About the Small Island Developing States
Small Island Developing States (SIDS) were recognized as a distinct group of developing countries facing specific social, economic and environmental vulnerabilities at the United Nations Conference on Environment and Development (UNCED), also known as the Earth Summit, held in Rio de Janeiro, Brazil (3-14 June 1992). This recognition was made specifically in the context of Agenda 21 (Chapter 17 G). The United Nations recognizes the 38 UN Member States belonging to the Alliance of Small Island States (AOSIS), an ad hoc negotiating body established by SIDS at the United Nations. AOSIS also includes other island entities that are non-UN Member States or are not self-governing or non-independent territories that are members of UN regional commissions. It should be noted that Bahrain is not a member of AOSIS.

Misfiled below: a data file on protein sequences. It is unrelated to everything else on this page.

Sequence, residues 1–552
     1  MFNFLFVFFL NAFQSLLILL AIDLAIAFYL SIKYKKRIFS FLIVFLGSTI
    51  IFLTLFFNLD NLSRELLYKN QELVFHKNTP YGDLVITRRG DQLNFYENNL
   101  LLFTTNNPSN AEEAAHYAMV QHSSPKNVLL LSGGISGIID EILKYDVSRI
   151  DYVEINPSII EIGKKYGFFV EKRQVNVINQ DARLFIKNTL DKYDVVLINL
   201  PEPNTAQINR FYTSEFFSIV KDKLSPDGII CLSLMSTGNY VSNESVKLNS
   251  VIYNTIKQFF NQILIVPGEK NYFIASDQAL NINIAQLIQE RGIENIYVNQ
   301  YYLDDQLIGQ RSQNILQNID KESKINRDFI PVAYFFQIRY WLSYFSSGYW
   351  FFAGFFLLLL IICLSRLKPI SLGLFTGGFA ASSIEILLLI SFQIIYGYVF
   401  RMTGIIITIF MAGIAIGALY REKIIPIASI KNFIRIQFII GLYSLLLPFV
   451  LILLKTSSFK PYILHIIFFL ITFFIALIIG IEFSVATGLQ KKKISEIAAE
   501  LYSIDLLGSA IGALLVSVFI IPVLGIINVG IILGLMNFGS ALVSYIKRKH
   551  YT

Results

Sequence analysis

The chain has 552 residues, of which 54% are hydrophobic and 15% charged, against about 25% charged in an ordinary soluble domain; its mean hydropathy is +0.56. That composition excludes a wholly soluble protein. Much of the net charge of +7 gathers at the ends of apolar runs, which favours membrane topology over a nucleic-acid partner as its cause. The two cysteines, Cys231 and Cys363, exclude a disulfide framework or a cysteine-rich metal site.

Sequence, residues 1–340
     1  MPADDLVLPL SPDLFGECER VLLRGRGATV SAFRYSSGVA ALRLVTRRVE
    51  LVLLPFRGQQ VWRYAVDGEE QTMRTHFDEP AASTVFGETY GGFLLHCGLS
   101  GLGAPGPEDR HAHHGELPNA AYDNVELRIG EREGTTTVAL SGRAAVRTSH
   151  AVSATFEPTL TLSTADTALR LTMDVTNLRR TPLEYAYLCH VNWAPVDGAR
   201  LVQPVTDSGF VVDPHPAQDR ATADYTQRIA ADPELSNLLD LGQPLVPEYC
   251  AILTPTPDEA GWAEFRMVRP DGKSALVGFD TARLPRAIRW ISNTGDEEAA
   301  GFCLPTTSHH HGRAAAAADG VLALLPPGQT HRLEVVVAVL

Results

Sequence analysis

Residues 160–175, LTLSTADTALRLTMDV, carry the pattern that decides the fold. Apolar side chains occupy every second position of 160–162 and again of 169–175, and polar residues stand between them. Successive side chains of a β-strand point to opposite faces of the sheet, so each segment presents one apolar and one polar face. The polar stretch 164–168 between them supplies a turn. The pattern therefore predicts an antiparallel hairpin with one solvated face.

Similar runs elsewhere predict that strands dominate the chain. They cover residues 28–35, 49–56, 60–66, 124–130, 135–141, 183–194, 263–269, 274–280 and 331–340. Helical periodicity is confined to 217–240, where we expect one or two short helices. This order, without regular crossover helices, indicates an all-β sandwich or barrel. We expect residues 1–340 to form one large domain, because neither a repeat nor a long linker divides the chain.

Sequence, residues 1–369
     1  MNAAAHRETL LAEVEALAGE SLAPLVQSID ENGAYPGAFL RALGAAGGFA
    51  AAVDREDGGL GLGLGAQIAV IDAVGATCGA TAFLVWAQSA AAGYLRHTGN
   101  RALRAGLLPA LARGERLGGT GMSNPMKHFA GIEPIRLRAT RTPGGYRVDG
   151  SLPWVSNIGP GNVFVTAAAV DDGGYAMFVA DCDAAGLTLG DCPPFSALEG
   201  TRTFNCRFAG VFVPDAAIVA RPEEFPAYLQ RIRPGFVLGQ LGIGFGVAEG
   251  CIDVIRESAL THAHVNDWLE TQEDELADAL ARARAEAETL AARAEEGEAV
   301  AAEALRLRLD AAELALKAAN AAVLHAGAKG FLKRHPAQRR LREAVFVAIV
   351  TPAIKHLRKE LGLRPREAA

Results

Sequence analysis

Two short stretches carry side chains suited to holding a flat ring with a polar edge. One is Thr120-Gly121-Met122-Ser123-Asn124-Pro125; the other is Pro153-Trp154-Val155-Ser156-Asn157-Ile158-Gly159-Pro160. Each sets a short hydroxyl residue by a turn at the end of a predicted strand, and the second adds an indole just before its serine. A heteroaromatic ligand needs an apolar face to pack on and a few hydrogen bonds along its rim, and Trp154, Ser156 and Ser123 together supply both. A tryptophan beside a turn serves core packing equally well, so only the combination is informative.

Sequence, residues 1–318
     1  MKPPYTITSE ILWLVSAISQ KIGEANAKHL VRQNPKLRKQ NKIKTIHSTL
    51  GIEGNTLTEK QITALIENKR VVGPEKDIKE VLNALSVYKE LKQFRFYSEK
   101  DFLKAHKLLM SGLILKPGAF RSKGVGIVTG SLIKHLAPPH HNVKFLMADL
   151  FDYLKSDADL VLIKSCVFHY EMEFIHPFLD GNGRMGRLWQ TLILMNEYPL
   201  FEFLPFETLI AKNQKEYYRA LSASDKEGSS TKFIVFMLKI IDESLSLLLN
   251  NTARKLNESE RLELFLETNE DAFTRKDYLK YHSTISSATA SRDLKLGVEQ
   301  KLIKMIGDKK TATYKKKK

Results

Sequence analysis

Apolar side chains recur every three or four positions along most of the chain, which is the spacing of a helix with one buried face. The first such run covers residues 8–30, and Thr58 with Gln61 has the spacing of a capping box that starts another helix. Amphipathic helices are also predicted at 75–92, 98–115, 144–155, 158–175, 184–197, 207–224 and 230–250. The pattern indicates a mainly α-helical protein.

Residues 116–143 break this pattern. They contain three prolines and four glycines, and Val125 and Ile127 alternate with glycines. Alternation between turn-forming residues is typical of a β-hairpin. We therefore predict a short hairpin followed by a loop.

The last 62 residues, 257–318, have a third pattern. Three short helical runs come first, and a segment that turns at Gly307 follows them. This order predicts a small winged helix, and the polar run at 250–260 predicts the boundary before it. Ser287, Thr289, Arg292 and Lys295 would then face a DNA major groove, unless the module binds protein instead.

Three geographical regions have been identified for the location of SIDS, namely, the Caribbean, the Pacific and the Atlantic, Indian Ocean, Mediterranean and South China Sea (AIMS). Each of these regions has regional bodies to which the respective SIDS may belong for purposes of regional cooperation. These are the Caribbean Community (CARICOM), the Pacific Islands Forum (PIF) and the Indian Ocean Commission (IOC). There are also sub-regional organizations for similar purposes.